There has always been those who would try to disprove or discredit the Scriptures. One tact is to attempt to show its contradictions. I think John Piper does an excellent job shedding some light on a weak attempt and in doing so increased my faith - not because I doubt the text but because when a regenerate person wrestles honestly with Scripture it is food to his soul.
Paul says in Romans 4:2,3: “If Abraham was justified by works, he has something to boast about; but not before God. For what does the Scripture say? 'And Abraham believed God, and it was reckoned to him as righteousness'.”James says in 2:21: “Was not Abraham our father justified by works when he offered his son Isaac upon the altar?”
Read Piper here to gain a clear understanding of the terms used by Paul and James. His bottom-line;
James 2:14-26 and Romans 4 are not saying the very same thing; their aims are different. James aims to confront the error of a man who has a kind of faith, but turns away his hungry brother unfed (2:16). Paul aims to confront a self-righteous Judaism which thinks it can boast before God on the basis of works (3:27; of 2:23). Confronting such varied problems we should not ask that they use the same terminology or say the same thing.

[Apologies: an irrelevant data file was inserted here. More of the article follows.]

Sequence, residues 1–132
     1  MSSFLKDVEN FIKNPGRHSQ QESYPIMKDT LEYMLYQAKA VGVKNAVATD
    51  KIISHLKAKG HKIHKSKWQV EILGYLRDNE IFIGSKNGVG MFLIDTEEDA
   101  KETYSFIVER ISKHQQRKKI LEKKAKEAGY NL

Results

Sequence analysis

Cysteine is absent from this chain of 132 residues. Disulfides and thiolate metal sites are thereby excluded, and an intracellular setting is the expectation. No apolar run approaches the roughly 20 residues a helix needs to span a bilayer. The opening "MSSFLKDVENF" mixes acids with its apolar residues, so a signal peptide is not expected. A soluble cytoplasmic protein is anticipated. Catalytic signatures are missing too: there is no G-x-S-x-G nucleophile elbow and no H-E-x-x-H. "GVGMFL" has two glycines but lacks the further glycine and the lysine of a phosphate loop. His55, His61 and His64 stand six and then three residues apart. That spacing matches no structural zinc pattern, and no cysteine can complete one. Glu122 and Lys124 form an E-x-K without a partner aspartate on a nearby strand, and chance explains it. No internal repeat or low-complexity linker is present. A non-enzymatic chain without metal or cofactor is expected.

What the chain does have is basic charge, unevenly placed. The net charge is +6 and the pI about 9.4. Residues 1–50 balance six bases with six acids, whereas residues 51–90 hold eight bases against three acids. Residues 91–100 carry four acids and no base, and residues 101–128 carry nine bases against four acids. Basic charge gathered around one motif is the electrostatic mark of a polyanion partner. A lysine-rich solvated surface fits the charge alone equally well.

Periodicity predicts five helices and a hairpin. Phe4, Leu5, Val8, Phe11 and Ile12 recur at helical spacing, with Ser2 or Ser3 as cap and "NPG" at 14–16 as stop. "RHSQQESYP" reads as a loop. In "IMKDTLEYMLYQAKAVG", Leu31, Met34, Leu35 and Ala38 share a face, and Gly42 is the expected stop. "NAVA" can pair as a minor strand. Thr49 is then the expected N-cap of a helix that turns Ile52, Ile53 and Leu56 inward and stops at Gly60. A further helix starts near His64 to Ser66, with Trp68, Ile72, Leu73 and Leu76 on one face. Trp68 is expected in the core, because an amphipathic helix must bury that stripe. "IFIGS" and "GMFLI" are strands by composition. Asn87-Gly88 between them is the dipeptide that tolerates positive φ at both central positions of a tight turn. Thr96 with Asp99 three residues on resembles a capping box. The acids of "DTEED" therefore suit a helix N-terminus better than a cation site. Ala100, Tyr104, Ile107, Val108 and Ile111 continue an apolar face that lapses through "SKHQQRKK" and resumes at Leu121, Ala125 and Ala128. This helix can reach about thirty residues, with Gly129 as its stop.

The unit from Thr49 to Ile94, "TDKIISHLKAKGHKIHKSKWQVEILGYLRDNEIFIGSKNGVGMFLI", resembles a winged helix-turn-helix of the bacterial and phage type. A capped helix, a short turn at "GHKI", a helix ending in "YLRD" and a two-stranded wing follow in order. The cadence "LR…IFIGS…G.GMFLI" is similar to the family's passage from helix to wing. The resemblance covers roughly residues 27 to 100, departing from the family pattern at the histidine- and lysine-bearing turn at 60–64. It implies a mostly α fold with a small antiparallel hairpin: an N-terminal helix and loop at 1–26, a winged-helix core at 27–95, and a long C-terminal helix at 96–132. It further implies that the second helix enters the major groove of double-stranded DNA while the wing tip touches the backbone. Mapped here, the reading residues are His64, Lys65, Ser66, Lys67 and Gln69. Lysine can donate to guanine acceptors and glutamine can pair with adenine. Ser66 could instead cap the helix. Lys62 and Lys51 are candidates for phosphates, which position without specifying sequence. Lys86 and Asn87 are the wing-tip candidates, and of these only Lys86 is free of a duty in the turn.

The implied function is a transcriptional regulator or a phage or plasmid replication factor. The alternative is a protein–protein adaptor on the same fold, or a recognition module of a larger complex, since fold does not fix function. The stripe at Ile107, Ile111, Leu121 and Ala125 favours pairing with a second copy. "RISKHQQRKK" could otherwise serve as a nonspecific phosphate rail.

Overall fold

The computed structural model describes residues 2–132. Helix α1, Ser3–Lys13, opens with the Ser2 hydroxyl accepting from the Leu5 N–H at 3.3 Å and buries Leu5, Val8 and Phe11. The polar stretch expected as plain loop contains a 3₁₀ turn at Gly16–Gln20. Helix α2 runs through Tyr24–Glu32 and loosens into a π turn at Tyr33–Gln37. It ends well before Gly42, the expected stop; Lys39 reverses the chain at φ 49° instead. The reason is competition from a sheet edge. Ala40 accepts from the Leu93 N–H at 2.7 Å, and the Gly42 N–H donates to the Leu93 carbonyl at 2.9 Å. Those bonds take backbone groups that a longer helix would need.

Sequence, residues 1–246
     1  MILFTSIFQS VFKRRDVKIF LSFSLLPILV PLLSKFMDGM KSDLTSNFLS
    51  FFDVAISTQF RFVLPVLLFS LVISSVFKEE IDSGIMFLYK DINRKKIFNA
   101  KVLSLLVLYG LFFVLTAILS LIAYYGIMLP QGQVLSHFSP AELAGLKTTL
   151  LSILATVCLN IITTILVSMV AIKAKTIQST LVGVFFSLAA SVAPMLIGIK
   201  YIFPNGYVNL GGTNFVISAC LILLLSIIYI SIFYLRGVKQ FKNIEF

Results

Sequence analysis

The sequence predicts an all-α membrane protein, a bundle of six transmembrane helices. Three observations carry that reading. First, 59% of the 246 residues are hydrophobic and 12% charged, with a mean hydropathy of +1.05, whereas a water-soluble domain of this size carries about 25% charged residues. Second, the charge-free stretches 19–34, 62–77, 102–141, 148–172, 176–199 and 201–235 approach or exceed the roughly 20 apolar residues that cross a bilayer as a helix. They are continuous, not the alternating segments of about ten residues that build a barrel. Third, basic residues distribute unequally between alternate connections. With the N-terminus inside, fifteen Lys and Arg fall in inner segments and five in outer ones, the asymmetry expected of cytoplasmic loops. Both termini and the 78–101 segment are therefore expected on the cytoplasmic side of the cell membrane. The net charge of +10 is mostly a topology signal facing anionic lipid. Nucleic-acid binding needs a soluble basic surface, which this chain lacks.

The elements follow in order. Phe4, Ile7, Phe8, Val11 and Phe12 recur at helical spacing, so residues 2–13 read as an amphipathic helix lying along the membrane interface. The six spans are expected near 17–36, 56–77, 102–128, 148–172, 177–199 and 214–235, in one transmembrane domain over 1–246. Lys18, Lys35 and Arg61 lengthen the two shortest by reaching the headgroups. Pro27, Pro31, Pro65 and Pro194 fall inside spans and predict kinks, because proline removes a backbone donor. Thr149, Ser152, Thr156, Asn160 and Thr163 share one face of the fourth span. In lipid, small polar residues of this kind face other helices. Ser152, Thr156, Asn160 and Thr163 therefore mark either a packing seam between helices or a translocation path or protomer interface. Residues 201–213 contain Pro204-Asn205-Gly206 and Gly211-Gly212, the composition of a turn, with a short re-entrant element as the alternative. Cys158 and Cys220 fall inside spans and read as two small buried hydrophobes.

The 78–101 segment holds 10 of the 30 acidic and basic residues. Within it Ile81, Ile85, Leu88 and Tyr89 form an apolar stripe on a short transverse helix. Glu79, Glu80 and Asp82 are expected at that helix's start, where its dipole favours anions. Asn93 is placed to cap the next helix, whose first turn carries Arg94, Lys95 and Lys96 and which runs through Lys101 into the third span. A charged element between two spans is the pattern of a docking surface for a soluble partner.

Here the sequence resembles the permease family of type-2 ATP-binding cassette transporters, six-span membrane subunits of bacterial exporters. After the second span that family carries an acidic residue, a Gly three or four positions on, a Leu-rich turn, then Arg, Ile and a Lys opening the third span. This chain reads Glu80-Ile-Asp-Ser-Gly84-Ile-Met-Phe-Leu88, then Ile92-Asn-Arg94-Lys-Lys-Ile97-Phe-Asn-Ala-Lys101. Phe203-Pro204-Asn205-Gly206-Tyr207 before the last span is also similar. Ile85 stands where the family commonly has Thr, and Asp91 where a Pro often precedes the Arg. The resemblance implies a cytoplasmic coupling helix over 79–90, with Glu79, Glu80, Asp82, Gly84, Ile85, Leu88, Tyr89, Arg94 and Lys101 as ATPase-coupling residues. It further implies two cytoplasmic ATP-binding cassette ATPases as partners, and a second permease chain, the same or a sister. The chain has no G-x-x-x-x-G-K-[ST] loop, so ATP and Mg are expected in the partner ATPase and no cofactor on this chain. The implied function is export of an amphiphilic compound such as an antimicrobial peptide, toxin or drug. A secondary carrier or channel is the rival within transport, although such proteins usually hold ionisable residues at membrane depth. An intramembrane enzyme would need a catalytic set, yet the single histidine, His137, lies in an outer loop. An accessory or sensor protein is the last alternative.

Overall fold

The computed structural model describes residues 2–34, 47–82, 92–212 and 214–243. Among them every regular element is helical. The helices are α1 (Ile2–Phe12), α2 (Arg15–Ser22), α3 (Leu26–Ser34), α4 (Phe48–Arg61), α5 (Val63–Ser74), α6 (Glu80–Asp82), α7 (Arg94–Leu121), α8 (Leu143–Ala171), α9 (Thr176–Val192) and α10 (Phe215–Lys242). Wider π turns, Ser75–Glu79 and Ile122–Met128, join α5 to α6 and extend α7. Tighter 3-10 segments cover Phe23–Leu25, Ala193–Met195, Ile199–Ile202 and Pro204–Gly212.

But do their viewpoints clash? There is ample evidence that Paul agreed with James that without deeds of love everything else is useless (cf. 1 Corinthians 13:1-3; Romans 8:4,13; Galatians 5:21; 1 Thessalonians 4:6). When Paul refers to saving faith he includes obedience (Romans 1:5; 16:26) and works of love (Galatians 5:6).
Our Standing Rests Entirely on Grace
There is also evidence that James agreed with Paul that our standing with God rests entirely on grace and that there is no room for boasting before God in our righteousness. He refers to the start of Christian existence as a divine act of creation whereby we are “brought forth by the word” (James 1:18; i.e. by “the hearing of faith" [Galatians 3:2,5]) He refers to the continuation of the Christian life as a product of the “wisdom from above” (James 3:17) just as Paul describes it as the fruit of the Holy Spirit (Galatians 5:22). And finally, he calls for deep humility before God (James 4:10) in view of how “miserable” we are (James 4:9).
In view of these agreements, I would suggest that the tension between James 2 and Romans 4 is properly resolved when we recognize that “works” in James 2:14-26 is what Paul means by “faith working through love” in Galatians 5:6 or by the “obedience of faith” in Romans 1:5 and 16:26.